Abstract

Purpose – To examine the potential for switching short trips in urban areas from cars to walking and cycling, and the possible contribution, this could make to a reduction in transport-related greenhouse gas emissions.

Methods – Case studies in four urban areas combining a questionnaire survey, interviews with households and during journeys and in-depth ethnographies of everyday travel.

Findings – The barriers to an increase in walking and cycling in British urban areas are emphasised. It demonstrates that motivations for walking and cycling are mostly personal (health and local environment) and that the complexities and contingencies of everyday travel for many households, combined with inadequate infrastructure, safety concerns and the fact that walking and cycling are seen by many as abnormal modes of travel, mean that increasing rates of walking and cycling will be hard. Given that the contribution of trips less than 2 miles to transport-related greenhouse gas emissions is relatively small, it is argued that any gains from increased walking and cycling would mostly accrue to personal health and the local environment rather than to the UK's carbon reduction target.

Social implications – Positive attitudes towards walking and cycling are motivated mainly by personal concerns rather than global environmental issues.

Originality – Use of detailed ethnographic material in policy-related transport research.

Details

Transport and Climate Change
Type: Book
ISBN: 978-1-78052-440-5

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Article
Publication date: 1 November 2008

Jenni Bacon, Helen Lockett and Miles Rinaldi

What does it mean to say there's an evidence base for supported employment? One approach, known as Individual placement and support or IPS for short, has been extensively…

Abstract

What does it mean to say there's an evidence base for supported employment? One approach, known as Individual placement and support or IPS for short, has been extensively evaluated and proven to help high numbers of people with severe mental health problems into work. But there is still little evidence of this approach being put into practice here in the UK. This article recalls a visit this year to the UK by Professor Bob Drake and colleagues from Dartmouth, New Hampshire, USA where the approach was developed, and explains the principles of supported employment and what it can mean for service users, staff, families and employers.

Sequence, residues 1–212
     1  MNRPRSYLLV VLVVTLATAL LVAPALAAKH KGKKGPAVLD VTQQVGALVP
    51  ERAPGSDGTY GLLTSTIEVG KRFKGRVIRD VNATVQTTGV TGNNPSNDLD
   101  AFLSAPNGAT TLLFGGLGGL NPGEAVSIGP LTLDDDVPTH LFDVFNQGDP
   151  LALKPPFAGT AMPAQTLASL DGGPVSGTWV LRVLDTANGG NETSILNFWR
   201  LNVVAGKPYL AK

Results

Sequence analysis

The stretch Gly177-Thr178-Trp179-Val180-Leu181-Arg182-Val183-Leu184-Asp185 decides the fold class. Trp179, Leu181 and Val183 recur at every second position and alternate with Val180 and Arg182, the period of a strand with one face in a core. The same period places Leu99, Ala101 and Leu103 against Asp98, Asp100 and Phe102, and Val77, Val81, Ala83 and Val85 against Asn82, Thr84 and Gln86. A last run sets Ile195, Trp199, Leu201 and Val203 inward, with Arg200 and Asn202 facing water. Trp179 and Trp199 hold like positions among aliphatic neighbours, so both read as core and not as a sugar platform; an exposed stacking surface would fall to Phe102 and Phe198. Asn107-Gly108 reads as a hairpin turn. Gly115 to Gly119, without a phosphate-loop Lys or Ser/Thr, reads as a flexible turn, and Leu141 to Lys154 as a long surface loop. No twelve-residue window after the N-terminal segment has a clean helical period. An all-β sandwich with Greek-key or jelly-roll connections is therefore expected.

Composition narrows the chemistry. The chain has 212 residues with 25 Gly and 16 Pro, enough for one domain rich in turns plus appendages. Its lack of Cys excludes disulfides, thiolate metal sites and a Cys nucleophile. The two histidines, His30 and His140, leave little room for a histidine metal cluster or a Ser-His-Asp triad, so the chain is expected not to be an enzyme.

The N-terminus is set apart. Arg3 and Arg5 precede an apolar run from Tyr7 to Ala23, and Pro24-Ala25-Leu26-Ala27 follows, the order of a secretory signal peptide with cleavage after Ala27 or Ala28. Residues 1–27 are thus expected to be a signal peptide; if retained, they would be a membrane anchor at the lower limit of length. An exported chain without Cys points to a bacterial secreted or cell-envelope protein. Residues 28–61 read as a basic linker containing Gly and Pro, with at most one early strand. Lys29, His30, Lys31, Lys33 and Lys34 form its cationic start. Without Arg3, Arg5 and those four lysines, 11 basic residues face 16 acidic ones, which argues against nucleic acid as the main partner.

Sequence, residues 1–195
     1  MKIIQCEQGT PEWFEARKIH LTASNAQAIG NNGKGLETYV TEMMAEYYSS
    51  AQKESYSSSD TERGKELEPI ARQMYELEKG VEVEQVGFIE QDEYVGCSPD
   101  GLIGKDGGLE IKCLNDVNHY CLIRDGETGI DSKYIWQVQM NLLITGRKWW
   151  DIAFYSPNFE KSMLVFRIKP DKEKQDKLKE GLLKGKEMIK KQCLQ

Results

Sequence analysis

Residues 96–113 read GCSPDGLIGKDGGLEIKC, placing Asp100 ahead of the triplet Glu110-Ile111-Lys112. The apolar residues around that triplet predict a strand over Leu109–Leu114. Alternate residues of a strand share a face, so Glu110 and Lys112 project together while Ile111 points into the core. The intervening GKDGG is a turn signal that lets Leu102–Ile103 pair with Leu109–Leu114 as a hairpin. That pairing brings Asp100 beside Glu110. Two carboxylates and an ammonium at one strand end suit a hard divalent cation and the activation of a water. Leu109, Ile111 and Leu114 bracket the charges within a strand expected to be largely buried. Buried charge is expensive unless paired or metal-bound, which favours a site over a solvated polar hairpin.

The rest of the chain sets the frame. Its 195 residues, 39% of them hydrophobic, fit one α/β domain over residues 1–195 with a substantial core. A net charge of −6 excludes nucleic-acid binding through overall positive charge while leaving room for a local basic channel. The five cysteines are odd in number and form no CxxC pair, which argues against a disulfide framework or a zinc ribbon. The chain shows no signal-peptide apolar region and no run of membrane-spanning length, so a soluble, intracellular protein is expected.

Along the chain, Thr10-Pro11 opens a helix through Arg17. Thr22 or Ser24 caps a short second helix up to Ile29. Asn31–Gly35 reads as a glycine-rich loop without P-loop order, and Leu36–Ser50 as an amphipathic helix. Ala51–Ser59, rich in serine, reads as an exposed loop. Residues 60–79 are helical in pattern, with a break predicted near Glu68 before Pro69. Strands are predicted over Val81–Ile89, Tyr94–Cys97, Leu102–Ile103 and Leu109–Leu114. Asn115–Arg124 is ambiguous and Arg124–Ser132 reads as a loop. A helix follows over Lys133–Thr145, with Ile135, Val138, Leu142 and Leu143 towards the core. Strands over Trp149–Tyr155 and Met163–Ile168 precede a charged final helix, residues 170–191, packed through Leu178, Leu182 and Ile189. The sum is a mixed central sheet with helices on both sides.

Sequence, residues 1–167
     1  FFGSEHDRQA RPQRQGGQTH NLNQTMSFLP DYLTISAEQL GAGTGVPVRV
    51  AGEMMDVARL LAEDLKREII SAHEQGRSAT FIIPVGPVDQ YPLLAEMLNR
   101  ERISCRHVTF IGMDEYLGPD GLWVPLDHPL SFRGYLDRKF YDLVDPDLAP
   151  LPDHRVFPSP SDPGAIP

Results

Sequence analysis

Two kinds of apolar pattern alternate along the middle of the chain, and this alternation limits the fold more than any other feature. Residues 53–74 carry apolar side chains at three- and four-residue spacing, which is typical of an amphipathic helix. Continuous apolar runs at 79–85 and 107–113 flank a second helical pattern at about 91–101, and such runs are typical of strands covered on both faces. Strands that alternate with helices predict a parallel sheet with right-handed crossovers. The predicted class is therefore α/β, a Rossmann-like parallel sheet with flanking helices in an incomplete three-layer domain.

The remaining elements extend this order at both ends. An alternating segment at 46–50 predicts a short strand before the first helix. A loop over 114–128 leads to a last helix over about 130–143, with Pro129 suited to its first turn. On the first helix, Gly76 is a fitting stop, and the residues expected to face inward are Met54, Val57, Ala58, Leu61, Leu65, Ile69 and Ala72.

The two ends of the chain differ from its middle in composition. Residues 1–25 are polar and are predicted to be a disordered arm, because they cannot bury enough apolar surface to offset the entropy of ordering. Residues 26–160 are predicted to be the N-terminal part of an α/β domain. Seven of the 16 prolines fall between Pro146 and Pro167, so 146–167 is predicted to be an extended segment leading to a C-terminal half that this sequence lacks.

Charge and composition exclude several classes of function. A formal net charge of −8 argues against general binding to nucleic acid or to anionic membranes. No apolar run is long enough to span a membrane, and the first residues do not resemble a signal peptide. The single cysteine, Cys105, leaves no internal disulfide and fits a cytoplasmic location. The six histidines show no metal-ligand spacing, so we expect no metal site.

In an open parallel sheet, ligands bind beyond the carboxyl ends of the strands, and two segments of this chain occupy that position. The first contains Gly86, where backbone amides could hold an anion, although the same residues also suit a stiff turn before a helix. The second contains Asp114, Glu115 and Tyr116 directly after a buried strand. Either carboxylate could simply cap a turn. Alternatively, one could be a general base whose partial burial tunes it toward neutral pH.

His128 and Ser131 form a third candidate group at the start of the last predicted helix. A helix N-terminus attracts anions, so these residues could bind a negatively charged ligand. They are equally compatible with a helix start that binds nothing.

Details

A Life in the Day, vol. 12 no. 4
Type: Research Article
ISSN: 1366-6282

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Article
Publication date: 18 November 2013

Calem De Burca, Helen Louise Miles and Eduardo Antonio Vasquez

Substance use contributes to the development of criminogenic behaviour and mental health problems. However, the extent and severity of substance use and the relationship…

Abstract

Purpose

Substance use contributes to the development of criminogenic behaviour and mental health problems. However, the extent and severity of substance use and the relationship to offending in mentally disordered offenders (MDOs) admitted to regional medium secure units has received relatively limited research attention.

Design/methodology/approach

Case note reviews (n=57) and semi-structured interviews (n=21) of past substance use levels, substance use problems and forensic history were conducted at a medium secure unit in South East England.

Findings

Results highlighted the high prevalence of substance use among MDOs, especially when determined by self-report. At least one-third (case note review) or almost half (self-report) used alcohol at the time of their index offence, although many failed to recognise use as problematic. Significant correlations were found between heavy past use of alcohol and use of alcohol at time of offending. Past heavy use of alcohol significantly predicted whether or not the individual was convicted of a violent offence.